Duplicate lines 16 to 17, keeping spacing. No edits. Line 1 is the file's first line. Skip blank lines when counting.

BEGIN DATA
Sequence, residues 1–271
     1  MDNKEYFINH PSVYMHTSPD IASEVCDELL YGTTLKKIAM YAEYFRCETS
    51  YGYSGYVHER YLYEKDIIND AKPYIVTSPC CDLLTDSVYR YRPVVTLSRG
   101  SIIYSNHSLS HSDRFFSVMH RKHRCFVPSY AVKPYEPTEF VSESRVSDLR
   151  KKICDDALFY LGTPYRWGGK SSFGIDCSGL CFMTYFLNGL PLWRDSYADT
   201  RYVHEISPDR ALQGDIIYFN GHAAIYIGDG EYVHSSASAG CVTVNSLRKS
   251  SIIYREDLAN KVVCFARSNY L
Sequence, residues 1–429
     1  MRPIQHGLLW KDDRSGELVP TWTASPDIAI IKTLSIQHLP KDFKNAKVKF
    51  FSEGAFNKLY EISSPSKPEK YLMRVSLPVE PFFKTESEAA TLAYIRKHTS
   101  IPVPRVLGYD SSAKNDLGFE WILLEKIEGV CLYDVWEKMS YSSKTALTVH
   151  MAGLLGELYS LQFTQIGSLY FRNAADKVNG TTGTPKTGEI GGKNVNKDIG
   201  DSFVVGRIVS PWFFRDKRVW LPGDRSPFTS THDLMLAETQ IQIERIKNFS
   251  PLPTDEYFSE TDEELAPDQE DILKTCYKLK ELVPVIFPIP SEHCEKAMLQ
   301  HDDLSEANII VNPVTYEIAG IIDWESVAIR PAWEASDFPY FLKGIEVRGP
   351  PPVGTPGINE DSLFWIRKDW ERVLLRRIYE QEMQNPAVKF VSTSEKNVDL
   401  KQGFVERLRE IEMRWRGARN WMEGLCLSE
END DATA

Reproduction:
   351  PPVGTPGINE DSLFWIRKDW ERVLLRRIYE QEMQNPAVKF VSTSEKNVDL
   401  KQGFVERLRE IEMRWRGARN WMEGLCLSE